Referring now to Figures 2 and 8, when the magazine 3%) has been inserted into the casing 10 the magnetic tape 46 will extend in a generally horizontal direction between the pressure roller 156 and the capstan housing F152, and will pass by the pole-pieces 259 of a combination magnetic recording and reproducing head 2%, of conventional design. During recording or reproducing operations, the tape is held tautly against these polepieces in the region thereof between the magazine guide pins 90 and 92 (see also Figures 4 and 5), by virtue of the tension produced by the pulling force of the capstan 154 and the restraining force of the brake pad 1%.

Secured to the upper edge of the magazine, between the pins 9% and 92 and beneath the tape 46, is a shield strip 261a formed of magnetic material (eig. mu-metal) curved to fit the general contours of the magazine. This strip is directly opposite the pole-pieces 259 of the head 26%) and serves to shield these pole-pieces from interference due to external magnetic fields when the machine is conditioned for reproducing operation. A simi-' lar shield 2611) is secured to the magazine between the pins 94 and 96, to accomplish the same function when the magazine is reversed in the casing.

Adjacent the recording and reproducing head 260 there is provided (Figure 8) an erase head 262 comprising a pair of permanent magnets enclosed in a plastic housing. This erase head is secured to the end of a crank arm 26%, pivotally mounted on the support plate 132 by a pin 266, to permit movement of the erase head towards and away from the tape. The crank arm is urged in a clockwise direction, to press the erase head against the tape, by a wire spring 268 which is wrapped about a stud 270 with its left-hand end bearing against a small pin 272 on the crank arm and its righthand end bear The on-off lever 12 ing against -a small pin 274 secured to the support plate.

When the control lever 14 is in its reproduce or rewind positions, the erase head 262 is held (as shown) away from the magnetic tape by a cam finger 276 on the crank arm which abuts the outer surface of the circular base 278 of the control lever. However, when the control lever is moved to its record position, the cam finger 276 drops into a recess 278a formed in this circular base and the erase head 262 moves down to contact the tape passing by. Thus, during recording, the tape is cleared of magnetic impressions immediately preceding its contact with the recording head 260.

Secured to the control lever shaft 168 is a spring arm 280 which presses downwardly against the control lever 14 so that, to condition the machine for recording, the user must lift the control lever upwards in order to avoid interference with the step 282 (Figure 1) formed in the slot in the casing through which the lever extends.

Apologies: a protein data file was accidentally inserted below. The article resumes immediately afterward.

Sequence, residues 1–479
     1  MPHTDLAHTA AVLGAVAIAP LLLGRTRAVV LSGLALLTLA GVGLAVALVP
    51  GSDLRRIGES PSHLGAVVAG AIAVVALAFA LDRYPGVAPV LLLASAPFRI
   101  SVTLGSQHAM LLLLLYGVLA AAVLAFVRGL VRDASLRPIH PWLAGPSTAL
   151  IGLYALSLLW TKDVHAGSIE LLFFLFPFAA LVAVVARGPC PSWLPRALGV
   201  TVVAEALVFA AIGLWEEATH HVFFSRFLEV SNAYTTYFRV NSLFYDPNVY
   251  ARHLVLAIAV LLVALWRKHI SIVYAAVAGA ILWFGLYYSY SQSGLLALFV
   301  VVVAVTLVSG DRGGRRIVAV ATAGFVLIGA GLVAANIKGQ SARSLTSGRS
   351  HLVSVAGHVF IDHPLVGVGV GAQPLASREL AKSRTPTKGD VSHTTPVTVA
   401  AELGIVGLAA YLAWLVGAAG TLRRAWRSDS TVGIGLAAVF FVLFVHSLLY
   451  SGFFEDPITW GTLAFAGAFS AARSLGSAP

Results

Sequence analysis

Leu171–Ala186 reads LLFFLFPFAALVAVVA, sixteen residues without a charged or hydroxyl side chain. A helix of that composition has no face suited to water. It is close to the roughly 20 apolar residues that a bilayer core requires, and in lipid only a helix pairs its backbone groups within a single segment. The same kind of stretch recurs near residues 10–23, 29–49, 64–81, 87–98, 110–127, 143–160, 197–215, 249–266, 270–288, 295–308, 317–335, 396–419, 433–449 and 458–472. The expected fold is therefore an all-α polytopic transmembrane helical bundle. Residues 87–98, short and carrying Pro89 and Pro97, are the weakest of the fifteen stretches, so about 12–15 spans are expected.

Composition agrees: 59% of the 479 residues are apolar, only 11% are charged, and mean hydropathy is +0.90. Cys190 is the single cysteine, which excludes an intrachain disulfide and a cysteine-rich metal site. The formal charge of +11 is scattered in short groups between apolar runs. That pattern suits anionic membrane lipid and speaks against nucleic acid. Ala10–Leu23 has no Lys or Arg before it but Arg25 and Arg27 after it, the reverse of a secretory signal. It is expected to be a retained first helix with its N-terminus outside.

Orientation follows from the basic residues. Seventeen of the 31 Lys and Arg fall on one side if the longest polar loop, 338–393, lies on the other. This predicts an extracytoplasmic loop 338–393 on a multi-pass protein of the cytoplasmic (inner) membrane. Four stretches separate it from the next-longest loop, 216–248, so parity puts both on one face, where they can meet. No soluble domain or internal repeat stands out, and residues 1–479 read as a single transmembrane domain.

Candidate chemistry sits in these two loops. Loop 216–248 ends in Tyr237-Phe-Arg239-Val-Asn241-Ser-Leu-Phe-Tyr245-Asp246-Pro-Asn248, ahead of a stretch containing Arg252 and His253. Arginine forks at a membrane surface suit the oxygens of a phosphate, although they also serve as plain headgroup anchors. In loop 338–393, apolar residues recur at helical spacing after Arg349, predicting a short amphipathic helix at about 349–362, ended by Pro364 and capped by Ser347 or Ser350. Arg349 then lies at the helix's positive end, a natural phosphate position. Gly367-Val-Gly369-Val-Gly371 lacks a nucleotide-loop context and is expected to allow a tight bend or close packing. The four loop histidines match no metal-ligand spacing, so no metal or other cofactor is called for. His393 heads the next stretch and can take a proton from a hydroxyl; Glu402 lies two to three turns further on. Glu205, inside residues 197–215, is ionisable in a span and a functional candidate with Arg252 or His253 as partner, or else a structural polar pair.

Although a specific preferred embodiment of the invention has been set forth in detail, it is desired to emphasize that this is not intended to be exhaustive or necessarily limitative; on the contrary, the showing herein is for the purpose of illustrating one form of the invention and thus to enable others skilled in the art to adapt the invention in such ways as meet the requirements of particular applications, it being understood that various modifications may be made without departing from the scope of the invention as limited by the prior art.

We claim:

1. For portable recording equipment of the type adapted to be hand-carried and having a self-contained source of operating power, and wherein means are pro vided for driving linear recording media past a recording head to form impressions on the media in accordance With sound signals developed by a microphone, apparatus comprising, in combination, a casing, a recording magazine removably secured to said casing, one side Wall of said magazine being formed with a pair of apertures, a supply reel and a take-up reel positioned adjacent one another in said magazine having central portions extending outwards through said apertures to serve as loose-fitting hearings to hold said reels approximately in place when the magazine is removed from the casing, each of said central portions being formed with a recess coaxially aligned with the corresponding reel, and a drive mechanism secured to said casing and arranged to move a strip of linear recording media from said supply reel to said take-up reel, said drive mechanism including a pair of hubs each drivably engaged with a respective one of said recesses to hold the reels securely in place and to transmit rotary motion thereto, at least one of said hubs having a tapered end to assure easy and rapid engagement with the corresponding recess when the magazine is secured in operative position to said casing.